It’s a misconception that entrepreneurs must raise a great deal of up-front capital to succeed. This is simply not true—nor is it usually possible.
If moving from Pre-Concept to Seed stage without raising bundles of investment capital sounds good to you, heed these 5 Tips. You’ll not only avoid giving up equity before you must; you could be in a better position to negotiate.
Open your own wallet first.
Tap into savings, home equity, or retirement accounts. It’s risky, but don’t expect others to invest in your startup if you haven’t put some of your own money in. Knowledgeable investors want founders to show confidence with cash. They favor entrepreneurs with more than “just” sweat equity in the game.
Sign up strategic partners early on.
There’s nothing sweeter than finding a supplier, distributor, or especially a customer who stands to gain so much from your solution that they are willing and able to help foot the bill.
This is a planning-for-success bonus play:
- The quality and reliability of your supply sources, whether for materials or software, will be key to your success. Far better to create relationships and work out the kinks while your company is simple and small than to discover an issue when you’re ready to scale.
- If your solution aligns with a B2B business problem that the market is clamoring to solve, there will may be early adopter customers who could make a strategic investment if they believe it would improve your chances of relieving their pain.
Early adopters provide a unique and valuable hands-on perspective of what’s right and what needs to be changed to improve the value proposition of your solution. These companies will be less focused than equity investors on traditional ROI and more interested in how their investments will speed up getting your prototype to their beta.
- In-house sales teams are challenging to staff and manage. Before building a direct sales team into your business plan, explore other options—online, manufacturers’ reps, or companies in your industry that already sell solutions that could be enhanced by yours.
- Early connections between startups and strategic partners often turn into beneficial relationships that span decades. There’s something very appealing about being part of a local startup’s early success—especially to corporations and service providers who are right in the startup’s own backyard.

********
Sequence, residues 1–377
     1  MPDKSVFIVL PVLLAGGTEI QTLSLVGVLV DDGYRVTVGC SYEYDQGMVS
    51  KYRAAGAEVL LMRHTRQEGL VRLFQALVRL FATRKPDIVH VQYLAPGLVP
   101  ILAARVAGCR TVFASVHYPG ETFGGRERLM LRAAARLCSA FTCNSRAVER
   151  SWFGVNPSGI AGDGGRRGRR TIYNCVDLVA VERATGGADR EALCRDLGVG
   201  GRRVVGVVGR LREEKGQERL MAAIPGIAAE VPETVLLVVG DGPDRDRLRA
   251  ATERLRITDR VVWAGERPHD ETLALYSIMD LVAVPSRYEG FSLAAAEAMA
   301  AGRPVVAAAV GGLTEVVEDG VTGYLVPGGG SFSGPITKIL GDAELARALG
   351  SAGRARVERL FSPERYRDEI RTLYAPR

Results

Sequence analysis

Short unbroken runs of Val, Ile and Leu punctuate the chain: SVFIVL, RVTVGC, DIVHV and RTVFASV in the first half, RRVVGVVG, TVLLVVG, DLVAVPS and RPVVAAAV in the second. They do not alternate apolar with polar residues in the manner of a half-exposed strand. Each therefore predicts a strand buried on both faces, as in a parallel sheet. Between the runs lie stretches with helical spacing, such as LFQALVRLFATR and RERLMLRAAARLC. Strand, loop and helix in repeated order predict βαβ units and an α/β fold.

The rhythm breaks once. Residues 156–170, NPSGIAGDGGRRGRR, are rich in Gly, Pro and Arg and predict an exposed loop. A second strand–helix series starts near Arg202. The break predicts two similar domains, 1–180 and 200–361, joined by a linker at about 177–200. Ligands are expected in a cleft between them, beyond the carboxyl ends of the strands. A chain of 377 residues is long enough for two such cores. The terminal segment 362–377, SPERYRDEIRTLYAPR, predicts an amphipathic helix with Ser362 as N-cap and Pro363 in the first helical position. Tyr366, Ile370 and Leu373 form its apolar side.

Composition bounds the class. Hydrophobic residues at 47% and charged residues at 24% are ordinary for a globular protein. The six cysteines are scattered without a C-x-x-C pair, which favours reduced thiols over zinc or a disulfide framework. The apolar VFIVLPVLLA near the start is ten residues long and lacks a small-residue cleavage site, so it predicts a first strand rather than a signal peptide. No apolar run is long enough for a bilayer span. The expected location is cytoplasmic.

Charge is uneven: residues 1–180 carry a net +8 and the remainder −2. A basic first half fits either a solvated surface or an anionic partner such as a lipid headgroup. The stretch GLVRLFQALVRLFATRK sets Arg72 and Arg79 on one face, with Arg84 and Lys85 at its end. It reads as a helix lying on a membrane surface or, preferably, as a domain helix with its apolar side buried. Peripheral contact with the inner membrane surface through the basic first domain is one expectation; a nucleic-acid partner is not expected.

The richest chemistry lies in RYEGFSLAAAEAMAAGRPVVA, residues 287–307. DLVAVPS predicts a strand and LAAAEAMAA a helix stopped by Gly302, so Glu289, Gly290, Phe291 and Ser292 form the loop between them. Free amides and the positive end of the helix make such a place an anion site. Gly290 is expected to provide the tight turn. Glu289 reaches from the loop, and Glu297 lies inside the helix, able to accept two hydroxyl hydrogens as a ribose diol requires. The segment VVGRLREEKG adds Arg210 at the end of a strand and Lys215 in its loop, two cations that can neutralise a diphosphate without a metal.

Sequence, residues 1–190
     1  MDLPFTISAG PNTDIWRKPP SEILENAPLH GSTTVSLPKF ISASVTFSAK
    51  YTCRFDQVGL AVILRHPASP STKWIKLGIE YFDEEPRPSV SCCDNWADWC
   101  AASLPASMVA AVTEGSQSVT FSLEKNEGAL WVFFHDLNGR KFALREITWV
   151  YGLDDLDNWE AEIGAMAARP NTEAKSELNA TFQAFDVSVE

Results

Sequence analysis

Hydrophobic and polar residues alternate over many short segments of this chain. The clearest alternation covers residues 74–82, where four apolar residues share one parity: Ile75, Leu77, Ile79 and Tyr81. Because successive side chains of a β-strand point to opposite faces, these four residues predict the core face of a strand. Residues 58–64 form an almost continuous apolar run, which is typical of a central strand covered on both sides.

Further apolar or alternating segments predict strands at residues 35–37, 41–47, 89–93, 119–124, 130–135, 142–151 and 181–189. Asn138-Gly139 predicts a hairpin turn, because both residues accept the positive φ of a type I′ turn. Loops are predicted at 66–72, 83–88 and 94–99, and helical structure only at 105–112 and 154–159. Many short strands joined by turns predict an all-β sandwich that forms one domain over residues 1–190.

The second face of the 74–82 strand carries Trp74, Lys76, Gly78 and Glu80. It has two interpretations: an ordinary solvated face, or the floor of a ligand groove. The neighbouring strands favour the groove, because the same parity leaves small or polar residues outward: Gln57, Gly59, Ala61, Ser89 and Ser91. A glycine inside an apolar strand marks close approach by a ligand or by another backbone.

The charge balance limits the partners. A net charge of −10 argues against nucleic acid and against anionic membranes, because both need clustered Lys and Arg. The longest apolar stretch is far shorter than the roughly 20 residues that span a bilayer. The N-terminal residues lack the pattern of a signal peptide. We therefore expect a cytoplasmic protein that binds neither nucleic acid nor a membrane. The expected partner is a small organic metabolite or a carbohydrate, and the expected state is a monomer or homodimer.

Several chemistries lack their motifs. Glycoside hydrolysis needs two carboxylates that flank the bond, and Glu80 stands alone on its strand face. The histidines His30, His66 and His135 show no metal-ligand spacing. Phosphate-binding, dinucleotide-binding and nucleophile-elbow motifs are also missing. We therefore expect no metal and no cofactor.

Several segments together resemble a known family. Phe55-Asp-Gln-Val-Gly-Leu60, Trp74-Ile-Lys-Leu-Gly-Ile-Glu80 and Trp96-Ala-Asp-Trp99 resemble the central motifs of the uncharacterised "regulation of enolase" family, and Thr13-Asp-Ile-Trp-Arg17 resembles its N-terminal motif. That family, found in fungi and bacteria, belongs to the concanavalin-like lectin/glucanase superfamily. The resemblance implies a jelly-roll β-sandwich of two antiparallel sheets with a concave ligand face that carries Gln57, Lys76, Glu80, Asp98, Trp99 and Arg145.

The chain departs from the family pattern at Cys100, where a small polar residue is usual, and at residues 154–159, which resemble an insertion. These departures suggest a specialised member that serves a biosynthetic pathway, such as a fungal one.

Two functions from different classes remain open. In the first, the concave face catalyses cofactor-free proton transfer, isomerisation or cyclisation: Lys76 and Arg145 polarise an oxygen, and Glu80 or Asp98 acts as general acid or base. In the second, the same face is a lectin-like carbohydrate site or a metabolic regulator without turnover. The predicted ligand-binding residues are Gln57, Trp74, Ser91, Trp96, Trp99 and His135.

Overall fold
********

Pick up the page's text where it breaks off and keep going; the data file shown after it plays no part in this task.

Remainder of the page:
Paying as you go by earning revenue from early adopters and managing every dime like it is a dollar is the most cost-effective way to stretch your company’s resources—financial and otherwise.
Nothing is scarcer than cash (except maybe sleep) when you’re starting out. The more you can bootstrap from Pre-concept through Seed Stage, the easier you will find your path to raising equity capital.
Pursue non-dilutive capital.
Grants, solicitations, and RFPs may not be a fit for every company, but make sure your situation isn’t a “yes” before you jump to “no.”
Some industries, such as biotech, are especially conducive to federal grants. The Small Business Innovation Research (SBIR) program, for example, ranges for $150,000 to $1MM. And regardless of your industry, don’t forget to look in your own backyard. More and more cities, regions, and states have grant programs or loans for high growth businesses at low interest rates.
Match capital to milestones.
Too much capital is as bad as too little. A startup should never raise more capital that the team can effectively use. Matching capital requirements to achievable milestones keeps the company from giving up equity before it’s required. A good question to ask is “will raising additional capital accelerate the likelihood of an exit?
Establish a line of credit.
Even if you don’t use it, bankers will return your calls once one of their competitors has vetted you.
There are no silver bullets when it comes to sourcing early stage funding. With the right capital strategy and a concentrated emphasis on bootstrapping, entrepreneurs can avoid shooting themselves in the foot.